Canadian Drug Companies Conflict of Interest in Clinical Practice Guidelines

Summary of the Globe and Mail Article.

  • Financial conflicts of interest are commonplace on guideline committees; 46% of the panelists involved in nine guideline documents received funding from companies that might benefit from a positive mention of their drugs
  • In 3 cases, more than 75 per cent of the panelists declared a conflict
  • In 2 cases, the guidelines were financed directly by the pharmaceutical industry.
  • Doctors rely on guideline panels; official clinical practice guidelines can have a dramatic impact on how drugs are prescribed.
  • Canada has no nationwide rules for conflicts of interest; guideline committees set their own conflict standards.
  • Pharmaceutical companies pay doctors to deliver speeches, act as consultants, teach continuing medical-education courses, fly to conferences and spearhead clinical trials, among other services.
  • The United States Physician Payments Sunshine Act compels companies to divulge all payments of $10 or more to doctors; Canada has no requirement for drug companies to divulge payments to doctors.

This table shows drug company funding for the panelists writing guidelines for specific medical conditions.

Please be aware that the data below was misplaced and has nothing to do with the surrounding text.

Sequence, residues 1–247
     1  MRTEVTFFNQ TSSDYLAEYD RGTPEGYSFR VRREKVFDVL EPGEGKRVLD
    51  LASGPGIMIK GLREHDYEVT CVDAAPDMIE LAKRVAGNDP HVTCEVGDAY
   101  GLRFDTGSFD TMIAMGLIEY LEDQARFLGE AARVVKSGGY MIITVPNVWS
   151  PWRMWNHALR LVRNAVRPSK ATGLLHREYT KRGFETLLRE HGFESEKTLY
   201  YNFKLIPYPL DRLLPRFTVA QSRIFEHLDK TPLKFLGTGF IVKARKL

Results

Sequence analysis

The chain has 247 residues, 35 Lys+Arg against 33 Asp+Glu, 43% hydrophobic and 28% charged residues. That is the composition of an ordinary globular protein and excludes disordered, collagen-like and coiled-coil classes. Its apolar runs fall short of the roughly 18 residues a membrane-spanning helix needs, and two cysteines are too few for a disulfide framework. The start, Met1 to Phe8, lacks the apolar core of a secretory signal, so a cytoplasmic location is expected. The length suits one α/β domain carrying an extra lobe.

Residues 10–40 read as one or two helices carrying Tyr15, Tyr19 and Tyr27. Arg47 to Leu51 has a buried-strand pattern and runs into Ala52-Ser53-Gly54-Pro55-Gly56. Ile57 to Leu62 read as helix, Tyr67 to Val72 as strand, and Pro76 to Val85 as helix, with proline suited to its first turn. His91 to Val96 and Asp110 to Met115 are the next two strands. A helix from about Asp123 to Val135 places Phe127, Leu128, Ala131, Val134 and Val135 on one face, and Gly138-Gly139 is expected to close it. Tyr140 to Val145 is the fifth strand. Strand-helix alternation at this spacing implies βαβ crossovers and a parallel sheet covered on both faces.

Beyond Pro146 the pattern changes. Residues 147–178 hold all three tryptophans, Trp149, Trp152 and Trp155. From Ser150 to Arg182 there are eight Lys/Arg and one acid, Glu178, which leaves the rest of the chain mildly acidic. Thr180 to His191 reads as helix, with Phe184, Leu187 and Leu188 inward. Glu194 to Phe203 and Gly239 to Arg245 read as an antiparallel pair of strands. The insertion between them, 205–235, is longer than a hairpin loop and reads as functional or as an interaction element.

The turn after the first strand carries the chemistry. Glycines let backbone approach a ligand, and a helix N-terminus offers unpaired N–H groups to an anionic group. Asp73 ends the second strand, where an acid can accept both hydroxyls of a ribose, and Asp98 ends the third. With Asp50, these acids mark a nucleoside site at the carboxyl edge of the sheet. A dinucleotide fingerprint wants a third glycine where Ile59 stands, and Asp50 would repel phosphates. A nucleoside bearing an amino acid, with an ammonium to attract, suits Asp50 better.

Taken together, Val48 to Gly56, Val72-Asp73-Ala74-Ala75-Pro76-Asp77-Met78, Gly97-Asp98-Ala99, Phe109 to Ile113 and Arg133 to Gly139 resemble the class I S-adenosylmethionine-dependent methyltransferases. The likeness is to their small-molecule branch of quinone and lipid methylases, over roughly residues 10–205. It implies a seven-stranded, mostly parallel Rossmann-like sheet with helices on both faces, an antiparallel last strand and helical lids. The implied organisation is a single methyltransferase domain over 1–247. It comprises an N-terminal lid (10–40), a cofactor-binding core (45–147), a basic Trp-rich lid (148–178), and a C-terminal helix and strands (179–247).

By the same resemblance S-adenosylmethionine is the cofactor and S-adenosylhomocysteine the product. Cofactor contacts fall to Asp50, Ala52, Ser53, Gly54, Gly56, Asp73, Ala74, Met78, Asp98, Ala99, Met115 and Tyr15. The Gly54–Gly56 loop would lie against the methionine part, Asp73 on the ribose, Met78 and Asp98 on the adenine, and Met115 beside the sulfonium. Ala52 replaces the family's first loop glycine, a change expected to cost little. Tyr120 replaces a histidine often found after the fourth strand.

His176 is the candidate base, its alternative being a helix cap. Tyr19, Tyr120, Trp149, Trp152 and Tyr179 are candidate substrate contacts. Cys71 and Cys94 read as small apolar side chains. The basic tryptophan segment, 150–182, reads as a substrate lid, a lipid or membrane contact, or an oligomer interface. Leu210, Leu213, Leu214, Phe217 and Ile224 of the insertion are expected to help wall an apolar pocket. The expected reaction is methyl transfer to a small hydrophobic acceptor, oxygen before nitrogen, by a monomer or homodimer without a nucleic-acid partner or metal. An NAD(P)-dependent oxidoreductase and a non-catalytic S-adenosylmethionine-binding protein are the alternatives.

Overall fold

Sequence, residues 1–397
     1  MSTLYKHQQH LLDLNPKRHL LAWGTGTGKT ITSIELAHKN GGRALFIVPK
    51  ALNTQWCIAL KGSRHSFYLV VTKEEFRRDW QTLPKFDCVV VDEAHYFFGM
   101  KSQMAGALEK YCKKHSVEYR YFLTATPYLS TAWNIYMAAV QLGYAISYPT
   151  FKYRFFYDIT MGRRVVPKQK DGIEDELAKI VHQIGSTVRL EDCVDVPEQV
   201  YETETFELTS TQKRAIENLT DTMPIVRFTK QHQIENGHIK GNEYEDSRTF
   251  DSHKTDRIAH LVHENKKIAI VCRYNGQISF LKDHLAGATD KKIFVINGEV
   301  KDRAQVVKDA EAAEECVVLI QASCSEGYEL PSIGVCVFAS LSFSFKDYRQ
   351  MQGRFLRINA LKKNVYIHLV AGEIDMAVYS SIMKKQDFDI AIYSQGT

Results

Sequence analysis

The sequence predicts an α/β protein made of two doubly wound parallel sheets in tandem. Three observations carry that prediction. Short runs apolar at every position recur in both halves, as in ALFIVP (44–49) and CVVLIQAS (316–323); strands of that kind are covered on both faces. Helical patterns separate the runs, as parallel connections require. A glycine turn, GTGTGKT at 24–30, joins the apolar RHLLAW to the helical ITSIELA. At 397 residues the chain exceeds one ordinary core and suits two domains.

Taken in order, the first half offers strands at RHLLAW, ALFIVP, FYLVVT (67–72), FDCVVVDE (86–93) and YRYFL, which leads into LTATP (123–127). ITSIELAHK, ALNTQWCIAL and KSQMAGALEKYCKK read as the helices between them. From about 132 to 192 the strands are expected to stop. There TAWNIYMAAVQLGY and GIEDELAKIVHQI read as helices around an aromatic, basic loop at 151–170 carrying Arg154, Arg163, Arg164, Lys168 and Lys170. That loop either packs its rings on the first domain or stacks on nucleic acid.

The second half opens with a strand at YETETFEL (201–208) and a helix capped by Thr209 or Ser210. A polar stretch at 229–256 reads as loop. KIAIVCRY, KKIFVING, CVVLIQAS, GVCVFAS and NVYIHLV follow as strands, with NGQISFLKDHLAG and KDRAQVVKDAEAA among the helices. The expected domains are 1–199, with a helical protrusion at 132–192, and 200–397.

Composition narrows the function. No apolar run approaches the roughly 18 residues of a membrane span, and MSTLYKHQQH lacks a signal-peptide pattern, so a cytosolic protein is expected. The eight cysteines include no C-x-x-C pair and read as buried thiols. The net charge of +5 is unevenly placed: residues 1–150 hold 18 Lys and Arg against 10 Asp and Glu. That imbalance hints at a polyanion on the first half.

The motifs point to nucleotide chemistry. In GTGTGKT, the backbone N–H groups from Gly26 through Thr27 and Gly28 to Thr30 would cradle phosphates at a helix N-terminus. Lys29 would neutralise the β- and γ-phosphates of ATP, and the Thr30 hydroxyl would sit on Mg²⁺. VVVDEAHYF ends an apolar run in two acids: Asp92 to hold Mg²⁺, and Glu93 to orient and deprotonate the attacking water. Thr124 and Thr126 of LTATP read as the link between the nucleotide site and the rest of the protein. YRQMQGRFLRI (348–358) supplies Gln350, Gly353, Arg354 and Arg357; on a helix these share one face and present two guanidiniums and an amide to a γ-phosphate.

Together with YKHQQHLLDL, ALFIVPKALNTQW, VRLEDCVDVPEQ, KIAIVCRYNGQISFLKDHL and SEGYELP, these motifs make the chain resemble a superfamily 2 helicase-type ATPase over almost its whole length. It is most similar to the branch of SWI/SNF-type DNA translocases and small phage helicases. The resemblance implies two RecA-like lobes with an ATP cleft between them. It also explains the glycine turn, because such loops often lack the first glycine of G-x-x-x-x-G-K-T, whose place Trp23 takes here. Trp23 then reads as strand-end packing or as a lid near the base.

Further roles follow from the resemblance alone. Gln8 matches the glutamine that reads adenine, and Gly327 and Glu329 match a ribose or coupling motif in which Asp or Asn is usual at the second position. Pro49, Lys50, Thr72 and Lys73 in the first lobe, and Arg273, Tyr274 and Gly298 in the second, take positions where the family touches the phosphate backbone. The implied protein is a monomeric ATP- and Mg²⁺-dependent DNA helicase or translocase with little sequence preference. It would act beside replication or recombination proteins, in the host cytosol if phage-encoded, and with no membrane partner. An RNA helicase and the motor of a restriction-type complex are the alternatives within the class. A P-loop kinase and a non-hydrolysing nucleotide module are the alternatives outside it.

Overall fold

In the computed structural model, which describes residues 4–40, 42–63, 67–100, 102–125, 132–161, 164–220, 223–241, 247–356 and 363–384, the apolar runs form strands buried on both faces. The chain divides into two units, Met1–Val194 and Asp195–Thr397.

Medical Guideline Percentage of Panelists who received funding from drug companies
Chronic Hepatitis C 100%
Acne Management 91%
Rheumatoid Arthritis Management 75%
Anxiety Mangement 59%
Hypertension 51%
Prostate Cancer 32%
Youth ADHD 25%
Colon Cancer 22%
Dementia Treatment 0%

Regarding the Rheumatoid Arthritis Management Guidelines, the two most expensive and widely used drugs in the category cost on average $27,300 and $15,800 a year, according to the federal body that regulates drug prices in Canada. Sales of drugs to treat Rheumatoid Arthritis, which are also used to treat other conditions, almost doubled between 2010 and 2015. They now account for more than 10 per cent of all public drug-plan spending in the country.

Read the entire Globe and Mail article June 20, 2017.